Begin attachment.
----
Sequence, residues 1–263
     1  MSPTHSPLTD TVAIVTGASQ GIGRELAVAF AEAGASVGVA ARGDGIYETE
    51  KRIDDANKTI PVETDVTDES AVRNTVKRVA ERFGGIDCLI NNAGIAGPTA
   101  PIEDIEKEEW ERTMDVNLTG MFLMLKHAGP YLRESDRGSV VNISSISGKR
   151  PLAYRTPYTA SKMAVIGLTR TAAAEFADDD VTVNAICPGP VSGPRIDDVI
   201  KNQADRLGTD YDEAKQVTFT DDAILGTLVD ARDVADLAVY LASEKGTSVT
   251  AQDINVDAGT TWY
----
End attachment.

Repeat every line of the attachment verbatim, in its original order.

Sequence, residues 1–263
     1  MSPTHSPLTD TVAIVTGASQ GIGRELAVAF AEAGASVGVA ARGDGIYETE
    51  KRIDDANKTI PVETDVTDES AVRNTVKRVA ERFGGIDCLI NNAGIAGPTA
   101  PIEDIEKEEW ERTMDVNLTG MFLMLKHAGP YLRESDRGSV VNISSISGKR
   151  PLAYRTPYTA SKMAVIGLTR TAAAEFADDD VTVNAICPGP VSGPRIDDVI
   201  KNQADRLGTD YDEAKQVTFT DDAILGTLVD ARDVADLAVY LASEKGTSVT
   251  AQDINVDAGT TWY